What’s the difference between ‘illness’ and ‘sickness’? Do they mean the same thing? Or is there a difference between these terms? When you say one has fallen ill, does it mean the same as someone who has fallen sick? Students face this confusion whenever they have to use the words ‘illness’ and ‘sickness’ in a sentence. This article will ensure that the next time students use these words, they understand when and where to use them.
Not just the words ‘illness’ and ‘sickness’ but the English Language has many words that often confuse students, and the main reason why students face confusions while dealing with such words is that they don’t know how those words are different from one another. This article will highlight the difference between ‘illness’ and ‘sickness’ and ensure students don’t get confused while using them. This article will discuss the following topics to clear all the confusion.
- Table Summarising the Difference between Illness and Sickness
- The Difference between Illness and Sickness – Meanings
- Examples of Illness and Sickness
- Illness and Sickness – Conclusion
Table Summarising the Difference between Illness and Sickness
|Meaning||The word ‘illness’ means an ailment that affects one’s mind and body.||The word sickness is any condition that might not be a medical condition. It also means being affected by a sense of discomfort.|
|Usage||It is used as a Noun.||It is used as a Noun.|
|Example||My grandfather suffered from a long-term illness.||Sai suffers from motion sickness.|
Though the words ‘illness’ and ‘sickness’ refer to situations where a person is suffering from discomfort that’s affecting them mentally or physically, these terms aren’t synonymous, and neither can they be used interchangeably. For students who often get confused between these words, this table will help them understand how the words ‘illness’ and ‘sickness’ differ. Once they know the difference between these words, they can apply them in the correct contexts.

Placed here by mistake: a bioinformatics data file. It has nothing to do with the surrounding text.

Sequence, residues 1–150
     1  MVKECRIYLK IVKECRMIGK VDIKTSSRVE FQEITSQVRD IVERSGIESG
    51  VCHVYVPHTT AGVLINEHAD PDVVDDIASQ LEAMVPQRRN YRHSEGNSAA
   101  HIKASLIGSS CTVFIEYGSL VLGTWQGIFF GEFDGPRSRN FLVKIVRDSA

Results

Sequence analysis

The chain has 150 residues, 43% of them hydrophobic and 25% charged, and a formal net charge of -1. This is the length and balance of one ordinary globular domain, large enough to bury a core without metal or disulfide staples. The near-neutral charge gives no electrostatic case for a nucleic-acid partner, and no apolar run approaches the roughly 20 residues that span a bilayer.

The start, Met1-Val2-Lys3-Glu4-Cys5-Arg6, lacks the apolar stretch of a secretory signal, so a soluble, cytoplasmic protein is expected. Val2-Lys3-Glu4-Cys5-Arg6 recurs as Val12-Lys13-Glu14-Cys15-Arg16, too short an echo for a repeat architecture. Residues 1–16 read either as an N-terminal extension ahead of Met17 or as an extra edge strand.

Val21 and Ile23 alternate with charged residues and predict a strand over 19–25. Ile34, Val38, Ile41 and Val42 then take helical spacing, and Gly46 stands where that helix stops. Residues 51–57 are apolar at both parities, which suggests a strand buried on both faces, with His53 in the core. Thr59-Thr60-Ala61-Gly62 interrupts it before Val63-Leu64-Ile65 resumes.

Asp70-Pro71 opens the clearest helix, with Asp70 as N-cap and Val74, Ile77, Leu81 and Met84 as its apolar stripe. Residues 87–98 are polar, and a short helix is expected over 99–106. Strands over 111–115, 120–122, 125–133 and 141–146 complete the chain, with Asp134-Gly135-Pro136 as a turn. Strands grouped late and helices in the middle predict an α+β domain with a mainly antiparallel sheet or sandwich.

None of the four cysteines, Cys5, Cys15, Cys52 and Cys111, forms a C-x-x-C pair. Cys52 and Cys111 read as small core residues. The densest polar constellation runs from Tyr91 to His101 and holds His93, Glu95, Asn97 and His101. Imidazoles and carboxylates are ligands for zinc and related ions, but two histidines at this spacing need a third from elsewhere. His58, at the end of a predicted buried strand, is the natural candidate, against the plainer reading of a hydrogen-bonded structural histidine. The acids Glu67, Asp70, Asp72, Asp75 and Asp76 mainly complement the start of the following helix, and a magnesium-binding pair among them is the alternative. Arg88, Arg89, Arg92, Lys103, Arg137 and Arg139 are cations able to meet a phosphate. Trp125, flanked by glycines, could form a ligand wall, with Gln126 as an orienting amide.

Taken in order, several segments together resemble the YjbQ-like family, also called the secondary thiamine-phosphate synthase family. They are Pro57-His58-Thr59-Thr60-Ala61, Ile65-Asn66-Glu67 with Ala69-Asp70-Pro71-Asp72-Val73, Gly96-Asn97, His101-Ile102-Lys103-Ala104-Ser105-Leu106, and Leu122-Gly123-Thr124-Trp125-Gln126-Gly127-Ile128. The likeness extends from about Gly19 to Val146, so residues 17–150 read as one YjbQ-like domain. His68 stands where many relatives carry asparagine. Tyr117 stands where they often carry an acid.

The Difference between Illness and Sickness – Meanings
When you use the word ‘illness’, it might refer to a short term or a long term ailment that affects a person’s body as well as mind. Illness can be chronic or acute or can be treatable with medicines. Headaches, common cold, and stomach aches are common types of illnesses that are generally short-termed and can be treated with medication at home. A person can also suffer from mental illness, and for that, they may need the intervention of psychologists or counsellors. All these types of illnesses are medical conditions. But when one uses the word ‘sickness’, it can refer to both a non-medical or a medical ailment depending on the context. Like pregnant women get morning sickness, i.e., they are overwhelmed by nausea in the first few months of pregnancy. Sometimes a person is said to be suffering from sickness from a society’s point of view, for example, ‘The people in Mrs. Samantha’s colony thought she was mentally sick as she didn’t talk with anyone.’ Once students get this point of difference, it will become easy for them to use these in sentences.
Examples of Illness and Sickness
The following examples will help students understand the words ‘illness’ and ‘sickness’ quite clearly:
Illness – Mr. Charles was suffering from a long term illness before he succumbed yesterday. (noun)
Sickness – Morning sickness is a common problem noticed among pregnant women. (noun)
Illness and Sickness – Conclusion
In conclusion, though the words ‘illness’ and ‘sickness’ mean ailments that affect human beings, they are not synonymous and can’t be used interchangeably. This article points out the difference between ‘illness’ and ‘sickness’ to make it easy for students to put them in sentences. Also, BYJU’S offers various articles on many such ‘Differences Between Two Words’ that students often get confused with.